Last week, the Senate Permanent Subcommittee on Investigations held a hearing on offshore tax avoidance issues – as part of a long running series of hearings on the subject. Part of last week’s hearing was on the offshoring IP, mostly patents (the hearing also looked at how issue of companies report and shelter their offshore profits). In his opening statement, Senator Carl Levin, the Chairman, highlighted one of the concerns when companies transfer their IP to low-tax countries:
Under U.S. tax rules, a subsidiary must pay “arm’s length” prices for these assets, but valuing assets such as intellectual property is complex, so it’s hard to know what an unrelated third party would pay. These transactions transfer valuable intellectual property to wholly owned subsidiaries. Multinational companies and the legions of economists and tax lawyers advising them take full advantage of this situation to set an artificially low sale price to minimize the U.S. parent company’s taxable income. The result is that the profits from assets developed in the United States are shifted to subsidiaries in tax havens and other low tax jurisdictions.
According to the staff report:
Current weaknesses in the tax code’s transfer pricing regulations, Subpart F, and Section 956, and in the Financial Accounting Standards Board’s (FASB) accounting standard, APB 23 relating to deferred tax liabilities on permanently or indefinitely invested foreign earnings, encourage and facilitate the shifting of intellectual property and profits offshore by multinational corporations headquartered in the United States.
Part of the hearing specifically looked at Microsoft’s offshoring of IP to Ireland, Singapore and Puerto Rico. The Subcommittee questioned the initial transfer pricing of these assets and the amount of taxable profits coming back to the US from these three Regional Operating Centers (ROC). In Microsoft’s testimony it was noted that:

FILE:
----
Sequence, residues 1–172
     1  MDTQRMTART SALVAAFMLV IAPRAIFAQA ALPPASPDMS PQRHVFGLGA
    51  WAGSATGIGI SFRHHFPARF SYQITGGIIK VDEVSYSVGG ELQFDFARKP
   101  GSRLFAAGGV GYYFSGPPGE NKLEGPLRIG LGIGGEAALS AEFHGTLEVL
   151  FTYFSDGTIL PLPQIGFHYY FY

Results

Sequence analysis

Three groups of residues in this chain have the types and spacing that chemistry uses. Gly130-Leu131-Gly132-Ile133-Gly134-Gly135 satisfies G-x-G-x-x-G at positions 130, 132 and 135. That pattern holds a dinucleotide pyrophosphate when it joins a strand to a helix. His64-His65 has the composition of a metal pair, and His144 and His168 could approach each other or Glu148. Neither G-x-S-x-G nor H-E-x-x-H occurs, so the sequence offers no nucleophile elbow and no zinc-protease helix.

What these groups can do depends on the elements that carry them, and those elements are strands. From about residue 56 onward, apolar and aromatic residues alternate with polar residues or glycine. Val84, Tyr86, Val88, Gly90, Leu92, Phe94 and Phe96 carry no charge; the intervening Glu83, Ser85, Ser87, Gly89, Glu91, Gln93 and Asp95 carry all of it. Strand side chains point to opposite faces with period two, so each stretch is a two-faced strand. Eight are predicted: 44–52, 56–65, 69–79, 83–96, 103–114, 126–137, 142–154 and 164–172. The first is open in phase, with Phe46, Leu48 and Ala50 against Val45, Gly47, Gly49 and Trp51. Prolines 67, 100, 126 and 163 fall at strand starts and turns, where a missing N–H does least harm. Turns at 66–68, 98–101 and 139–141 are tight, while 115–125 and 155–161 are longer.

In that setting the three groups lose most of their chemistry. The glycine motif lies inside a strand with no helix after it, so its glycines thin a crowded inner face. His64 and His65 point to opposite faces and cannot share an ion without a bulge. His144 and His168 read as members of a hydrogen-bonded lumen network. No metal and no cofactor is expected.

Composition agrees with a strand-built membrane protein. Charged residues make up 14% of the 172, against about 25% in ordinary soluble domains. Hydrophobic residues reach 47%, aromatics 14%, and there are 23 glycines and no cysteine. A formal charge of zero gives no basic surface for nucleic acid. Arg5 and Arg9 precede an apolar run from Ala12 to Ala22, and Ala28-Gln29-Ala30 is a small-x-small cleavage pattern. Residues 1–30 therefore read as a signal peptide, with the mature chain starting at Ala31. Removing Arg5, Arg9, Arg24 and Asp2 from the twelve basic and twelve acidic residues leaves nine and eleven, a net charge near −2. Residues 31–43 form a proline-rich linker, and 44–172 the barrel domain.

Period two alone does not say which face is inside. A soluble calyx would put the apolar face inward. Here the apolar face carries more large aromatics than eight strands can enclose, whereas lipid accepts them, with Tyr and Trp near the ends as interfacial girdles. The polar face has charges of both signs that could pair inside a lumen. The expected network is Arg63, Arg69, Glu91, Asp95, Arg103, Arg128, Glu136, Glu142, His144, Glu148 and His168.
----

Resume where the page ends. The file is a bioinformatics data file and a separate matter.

The foreign ROC compensation payments are computed in compliance with the applicable Treasury Regulations under Internal Revenue Code Section 482. Microsoft complies with the requirements of the Treasury cost sharing regulations contained in Treas. Reg. section 1.482-7.
[Note the hearing also looked at at HP’s use of loan facilities to, according to the Subcommittee, de facto repatriate offshore profits.]
None of this is specifically illegal. As the Economist‘s summary (“Corporate tax avoidance: The price isn’t right“) pointed out, “companies are bound to exploit weaknesses in the rules.” The question is what the rules should be.
Transfer pricing for intangibles is a long standing problem, which I have blogged on too many time to count. Both the Obama Administration and Congressman Dave Camp, the Chairman of the House Committee on Ways & Means have included proposals to address the issue in their respective tax packages (see earlier postings). The OECD has an ongoing project on transfer pricing of intangibles. And over a year ago, the anti-tax haven group known as the Task Force on Financial Integrity called for stricter accounting rules on transfer pricing, among other reforms (see the Economist “Avoiding tax: Havens above”).
Tightening up the transfer pricing rules will help. But there will always be people trying to find ways around the rules. It may be that a carrot and stick approach is called for. In our Intangible Asset Monetization report, I suggested that we should explore lowering the tax rate on intangible asset royalties, in conjunction with stricter regulations on international transfer-pricing mechanisms and cost-sharing arrangements and on passive investment companies: